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Gun Girls' Get Life For Murder In $2.10 Holdup" - Rockford Morning Star Feb. 16, 1938  Newark, N. J., Feb. 15--(AP)

Mrs. Ethel Strouse Sohl, policeman's daughter, and Genevieve Owens, her companion in a $2.10 holdup during which a bus driver was slain were convicted of first degree murder tonight by an all-male jury which recommended mercy.

The verdict, reached after three hours and 44 minutes deliberation, makes life terms mandatory for both the girls.

Mrs. Sohl, 20 based her defense on an insanity plea in that she was under the influence of marihuana during her brief crime career.

Miss Owens, 18, testified during the eight-day trial that she remained in an automobile while Bunny Sohl shot and robbed William Barhorst as he stopped his bus in suburban Belleville Dec. 21.

Tears In Eyes

Tears came to "Bunny's" eyes and she pressed a green handkerchief to her face as Jury Foreman Zoltan Zilahy, 28 of Butley, replted to Common Pleas Judge Daniel J. Brennan:

"Yes, we find both defendants guilty of murder in the first degree, but with the recommendation of life imprisonment at hard labor."

Miss Owens cried, wet her lips with her tongue, drying them quickly with nervous dabs of a white handkerchief.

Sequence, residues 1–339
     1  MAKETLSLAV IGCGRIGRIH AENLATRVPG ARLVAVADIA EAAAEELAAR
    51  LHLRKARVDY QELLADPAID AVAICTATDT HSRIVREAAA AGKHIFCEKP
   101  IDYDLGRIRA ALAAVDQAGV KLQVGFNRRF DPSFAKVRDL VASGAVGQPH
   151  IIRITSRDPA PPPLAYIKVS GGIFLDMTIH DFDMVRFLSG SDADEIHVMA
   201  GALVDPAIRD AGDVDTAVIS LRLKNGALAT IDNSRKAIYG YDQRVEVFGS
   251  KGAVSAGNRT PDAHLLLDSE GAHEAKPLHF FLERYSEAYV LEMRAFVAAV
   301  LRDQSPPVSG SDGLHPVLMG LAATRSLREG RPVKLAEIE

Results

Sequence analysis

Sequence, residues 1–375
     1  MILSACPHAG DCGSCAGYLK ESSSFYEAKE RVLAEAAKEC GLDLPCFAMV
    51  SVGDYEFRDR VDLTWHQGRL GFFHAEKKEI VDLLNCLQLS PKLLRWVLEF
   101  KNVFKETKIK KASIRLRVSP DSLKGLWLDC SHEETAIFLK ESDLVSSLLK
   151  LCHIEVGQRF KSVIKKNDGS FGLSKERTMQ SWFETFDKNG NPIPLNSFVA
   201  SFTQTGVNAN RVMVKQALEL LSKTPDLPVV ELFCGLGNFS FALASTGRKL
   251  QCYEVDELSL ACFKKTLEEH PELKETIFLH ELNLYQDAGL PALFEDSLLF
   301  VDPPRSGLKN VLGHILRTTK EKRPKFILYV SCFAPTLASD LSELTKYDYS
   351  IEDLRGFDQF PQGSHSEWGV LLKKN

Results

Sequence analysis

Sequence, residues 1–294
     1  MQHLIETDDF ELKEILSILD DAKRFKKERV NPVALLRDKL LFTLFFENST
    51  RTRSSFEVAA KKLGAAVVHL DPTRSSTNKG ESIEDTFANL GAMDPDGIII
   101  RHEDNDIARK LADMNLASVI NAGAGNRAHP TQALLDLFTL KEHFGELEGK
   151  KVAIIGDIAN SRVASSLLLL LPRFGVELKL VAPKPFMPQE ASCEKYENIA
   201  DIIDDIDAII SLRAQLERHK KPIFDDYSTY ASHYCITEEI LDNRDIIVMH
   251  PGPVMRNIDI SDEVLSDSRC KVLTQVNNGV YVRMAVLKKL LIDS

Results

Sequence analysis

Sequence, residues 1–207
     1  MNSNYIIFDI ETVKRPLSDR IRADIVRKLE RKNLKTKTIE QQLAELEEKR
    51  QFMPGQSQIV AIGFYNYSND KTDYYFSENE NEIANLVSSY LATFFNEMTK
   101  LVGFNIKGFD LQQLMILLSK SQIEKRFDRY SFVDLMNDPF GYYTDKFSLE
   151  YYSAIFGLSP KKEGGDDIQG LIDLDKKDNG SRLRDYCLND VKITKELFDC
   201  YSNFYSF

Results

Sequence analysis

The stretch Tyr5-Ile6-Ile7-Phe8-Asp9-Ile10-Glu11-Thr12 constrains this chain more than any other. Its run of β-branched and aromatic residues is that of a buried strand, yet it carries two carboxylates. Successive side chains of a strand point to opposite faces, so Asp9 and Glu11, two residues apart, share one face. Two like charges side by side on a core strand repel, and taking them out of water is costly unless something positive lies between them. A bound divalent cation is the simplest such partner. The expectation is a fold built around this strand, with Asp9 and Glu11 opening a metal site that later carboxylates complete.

Patrolman Frank Strouse of Newark, "Bunny's" father, who testified in her defense, bit his lips as he checked himself from crying. His wife had gone home to await the verdict.

Judge Brennan thanked the jury, all of whom were married men, for performing what he called "never a longer, more gruelling; difficult task."

"You have reached to your very great credit," he said "what the court conceives to be a just verdict on the facts of the case."

Mrs. Mary Kelly, a matron, led the girl-defendants quickly out a side door of the court room.

Undecided On Appeal

The girl's attorneys said they were undecided whether to appeal. Counsel for Mrs. Sohl and Miss Owens had asked for acquittal.

Judge Brennan told the jury two other verdicts were possible--first degree murder, with the death penalty mandatory, and first degree murder, with a recommendation for life imprisonment.

Outlining the law, which defines a slaying during commission of a felony as first degree murder, punishable by death unless the jury recommends mercy, Prosecutor William A. Wochenfeld requested a "verdict on the law in accordance with the dictates of your conscience."

Mrs. Sohl, blonde, boyish and a former athlete, testified she shot William Barhorst, 34 in his bus at suburban Belleville last Dec 21.

She pleaded "insanity" saying continual smoking of marihuana cigarets made her unable to distinguish right from wrong.

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